CHUM. You can thaw out a container of bunker or clam chum or even use cans of cat food. Mix it with some water and when you get to your favorite spot toss some out so it flows through your spot with the tide. You don't need big pieces because you aren't chumming for flounder. You are chumming for their targets. As soon as the scent and these small pieces reach the bottom the grass shrimp, little crabs and anything else the flounder feed on will become active and then the party starts. It's amazing how much a little chum will do to get the flounder very active.

When you finish for the day and clean your catch don't toss away the scraps. Cut them up into small pieces and freeze to mix in with the chum for your next trip. With cool water in the spring we sometimes need to give the fish a little nudge to get them moving. Some cheap chum can turn the tide on sluggish fish.
Great info there!
 

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It's great info indeed and my main problem with chunking's threads on flounder is REMEMBERING the great tips before I'm actually out on the water wondering why nuthin's working :D
 

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Another tip,is to add boiled white rice to your chum mixture.It will absorb some of the chum juices and extend your amount of chum.MMMMM,fresh flounder fillets.
 

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Nice post. Got me thinking...............
 

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Great info, Can't wait for the season to start to try them out.
Thanks
 

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thank you for taking the time to share!!!! Preciate
 

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Pretty soon summer flounder will start moving into our back bays. It's a good thing. Not long after we will be out looking for them. Also a good thing. So what can we do to cut down on the looking part? Just do a few things extra and watch the payout.

Flounder are great fish to start our season. They play well with others. Compare flounder to some of our other favorite species like weakies and stripers. Weakies and stripers both have huge stomachs that when filled will shut down the need to feed. In comparison flounder have small stomachs and that requires a more regular feeding cycle. If they aren't biting in one area go back a little later and you may find them cooperating. Fish have very strong stomach acids because then need to digest a lot of bone so it doesn't take long for flounder to digest and hunger up again.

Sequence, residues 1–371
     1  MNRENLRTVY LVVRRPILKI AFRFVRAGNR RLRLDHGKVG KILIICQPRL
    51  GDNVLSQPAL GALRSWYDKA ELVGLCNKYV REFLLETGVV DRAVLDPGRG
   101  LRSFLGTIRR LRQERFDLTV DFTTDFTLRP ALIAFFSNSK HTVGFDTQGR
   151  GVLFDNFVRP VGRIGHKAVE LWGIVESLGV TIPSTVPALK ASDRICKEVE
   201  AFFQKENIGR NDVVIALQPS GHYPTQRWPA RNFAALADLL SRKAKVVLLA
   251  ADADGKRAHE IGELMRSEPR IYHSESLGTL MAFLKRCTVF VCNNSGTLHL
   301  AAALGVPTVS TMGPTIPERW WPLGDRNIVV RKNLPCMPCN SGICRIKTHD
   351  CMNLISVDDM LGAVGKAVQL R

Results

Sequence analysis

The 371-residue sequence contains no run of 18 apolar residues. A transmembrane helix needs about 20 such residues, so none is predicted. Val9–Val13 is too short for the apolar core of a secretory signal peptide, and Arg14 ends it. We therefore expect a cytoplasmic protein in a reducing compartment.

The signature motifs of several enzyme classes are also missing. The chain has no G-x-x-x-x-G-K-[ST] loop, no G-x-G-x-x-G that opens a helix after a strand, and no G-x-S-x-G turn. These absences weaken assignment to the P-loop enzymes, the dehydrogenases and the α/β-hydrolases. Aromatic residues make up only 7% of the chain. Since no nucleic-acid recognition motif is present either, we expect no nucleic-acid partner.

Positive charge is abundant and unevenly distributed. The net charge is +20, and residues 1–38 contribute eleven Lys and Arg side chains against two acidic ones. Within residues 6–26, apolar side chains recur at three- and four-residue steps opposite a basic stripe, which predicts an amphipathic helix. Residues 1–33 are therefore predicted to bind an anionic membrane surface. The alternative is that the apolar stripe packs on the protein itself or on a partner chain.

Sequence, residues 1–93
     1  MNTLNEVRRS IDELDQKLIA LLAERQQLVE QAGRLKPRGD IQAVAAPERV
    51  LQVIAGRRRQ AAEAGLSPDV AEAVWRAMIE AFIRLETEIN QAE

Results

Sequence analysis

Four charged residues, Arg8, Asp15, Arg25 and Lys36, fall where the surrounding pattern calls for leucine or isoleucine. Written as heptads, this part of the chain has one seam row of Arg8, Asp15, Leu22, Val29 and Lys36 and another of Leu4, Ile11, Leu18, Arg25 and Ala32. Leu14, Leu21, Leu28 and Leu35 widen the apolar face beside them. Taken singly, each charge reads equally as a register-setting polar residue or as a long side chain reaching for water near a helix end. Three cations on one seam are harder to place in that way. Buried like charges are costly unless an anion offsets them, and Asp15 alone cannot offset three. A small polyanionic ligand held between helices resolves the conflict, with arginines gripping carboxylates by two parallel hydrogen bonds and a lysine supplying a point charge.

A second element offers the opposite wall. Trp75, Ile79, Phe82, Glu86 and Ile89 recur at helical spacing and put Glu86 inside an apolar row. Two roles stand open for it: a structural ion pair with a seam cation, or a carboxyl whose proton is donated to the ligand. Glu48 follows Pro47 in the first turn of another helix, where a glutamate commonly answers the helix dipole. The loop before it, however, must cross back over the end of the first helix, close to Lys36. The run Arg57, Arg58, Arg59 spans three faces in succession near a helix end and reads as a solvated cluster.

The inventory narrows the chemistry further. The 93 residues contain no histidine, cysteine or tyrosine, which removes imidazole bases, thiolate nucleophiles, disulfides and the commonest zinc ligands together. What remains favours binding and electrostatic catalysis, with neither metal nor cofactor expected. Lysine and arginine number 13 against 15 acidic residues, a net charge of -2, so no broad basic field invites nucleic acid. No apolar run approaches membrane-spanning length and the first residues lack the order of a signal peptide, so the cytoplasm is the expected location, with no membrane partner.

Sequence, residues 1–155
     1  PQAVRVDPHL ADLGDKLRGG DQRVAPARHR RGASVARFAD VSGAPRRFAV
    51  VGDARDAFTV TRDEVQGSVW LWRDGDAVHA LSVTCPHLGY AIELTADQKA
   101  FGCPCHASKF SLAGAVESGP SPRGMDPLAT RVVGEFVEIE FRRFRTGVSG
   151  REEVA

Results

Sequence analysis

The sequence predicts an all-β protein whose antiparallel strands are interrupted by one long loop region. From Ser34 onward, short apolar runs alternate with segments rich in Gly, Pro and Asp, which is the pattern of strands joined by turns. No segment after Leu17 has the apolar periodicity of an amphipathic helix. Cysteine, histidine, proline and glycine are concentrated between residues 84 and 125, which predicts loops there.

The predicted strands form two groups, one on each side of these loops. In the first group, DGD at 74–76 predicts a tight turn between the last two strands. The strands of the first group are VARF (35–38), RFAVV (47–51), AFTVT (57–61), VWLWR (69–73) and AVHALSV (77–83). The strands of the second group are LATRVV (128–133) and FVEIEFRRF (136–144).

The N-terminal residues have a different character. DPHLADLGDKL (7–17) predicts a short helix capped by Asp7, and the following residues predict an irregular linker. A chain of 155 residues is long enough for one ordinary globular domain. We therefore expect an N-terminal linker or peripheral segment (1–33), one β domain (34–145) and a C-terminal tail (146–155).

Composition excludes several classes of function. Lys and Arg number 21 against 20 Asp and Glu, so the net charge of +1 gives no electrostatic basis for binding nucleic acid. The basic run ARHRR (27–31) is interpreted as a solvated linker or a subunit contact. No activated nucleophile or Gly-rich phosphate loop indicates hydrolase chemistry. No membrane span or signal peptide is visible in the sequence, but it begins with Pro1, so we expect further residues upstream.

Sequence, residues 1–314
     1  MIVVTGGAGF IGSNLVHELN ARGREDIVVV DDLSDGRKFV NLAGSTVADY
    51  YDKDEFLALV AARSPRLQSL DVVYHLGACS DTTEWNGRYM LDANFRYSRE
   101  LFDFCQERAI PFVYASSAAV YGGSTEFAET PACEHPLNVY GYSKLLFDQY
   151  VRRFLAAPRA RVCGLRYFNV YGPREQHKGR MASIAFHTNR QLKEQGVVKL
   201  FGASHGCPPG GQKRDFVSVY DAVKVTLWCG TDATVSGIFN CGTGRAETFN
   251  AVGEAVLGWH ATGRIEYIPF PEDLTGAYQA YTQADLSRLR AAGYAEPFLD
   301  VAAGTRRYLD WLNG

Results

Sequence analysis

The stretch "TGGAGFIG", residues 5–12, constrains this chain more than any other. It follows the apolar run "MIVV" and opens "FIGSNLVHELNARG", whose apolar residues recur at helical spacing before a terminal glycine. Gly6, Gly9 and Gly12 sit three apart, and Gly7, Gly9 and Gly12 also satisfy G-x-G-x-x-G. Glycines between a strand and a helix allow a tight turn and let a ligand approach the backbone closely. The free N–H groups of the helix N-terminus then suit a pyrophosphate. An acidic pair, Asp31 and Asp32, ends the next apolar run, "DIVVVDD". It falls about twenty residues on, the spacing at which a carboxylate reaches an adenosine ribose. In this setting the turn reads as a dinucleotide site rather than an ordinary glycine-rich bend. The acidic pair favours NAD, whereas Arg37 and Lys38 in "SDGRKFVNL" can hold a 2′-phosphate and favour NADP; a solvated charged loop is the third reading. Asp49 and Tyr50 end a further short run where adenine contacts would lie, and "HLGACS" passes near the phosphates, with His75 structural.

Flounder aren't like most game fish we target. They don't have to swim around and chase their target. They are the sniper, bush wackers of the back bays. On a good day a flounder probably doesn't have to move much to get it's fill of grass shrimp. They wait patiently and soon a shrimp will get a little too close. So how do we get the advantage on something that thrives on not moving much? We need to start the party.

The bottom of our back bays is like a mine field. Move around and something will go off and eat you. All the little critters down there know this and will hide as much as possible. So to get the party started we need to get the little critters dancing. Most of us have our favorite spots in the back where we have done well over the years. Now think back and you can probably remember times when little or nothing happened in our favorite spots. Truth is the fish were there but they just weren't on the feed. We can see this easily when you do pull in a flounder. When they aren't aggressive flounder will come into the boat with a lot of dirt in the slime on the white side. This indicates that they were hunkered down in the mud and not moving. If the food they feed on isn't moving then chances are that neither are the flounder. When this happens it's up to us to get things moving.

CHUM. You can thaw out a container of bunker or clam chum or even use cans of cat food. Mix it with some water and when you get to your favorite spot toss some out so it flows through your spot with the tide. You don't need big pieces because you aren't chumming for flounder. You are chumming for their targets. As soon as the scent and these small pieces reach the bottom the grass shrimp, little crabs and anything else the flounder feed on will become active and then the party starts. It's amazing how much a little chum will do to get the flounder very active.

When you finish for the day and clean your catch don't toss away the scraps. Cut them up into small pieces and freeze to mix in with the chum for your next trip. With cool water in the spring we sometimes need to give the fish a little nudge to get them moving. Some cheap chum can turn the tide on sluggish fish.
Really great information here! I always enjoy your posts and usually learn something. When does Jersey Cape start running again?
 

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Discussion Starter · #13 ·
Really great information here! I always enjoy your posts and usually learn something. When does Jersey Cape start running again?
Starts first week of June. Two new shows already done.
 

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Discussion Starter · #15 ·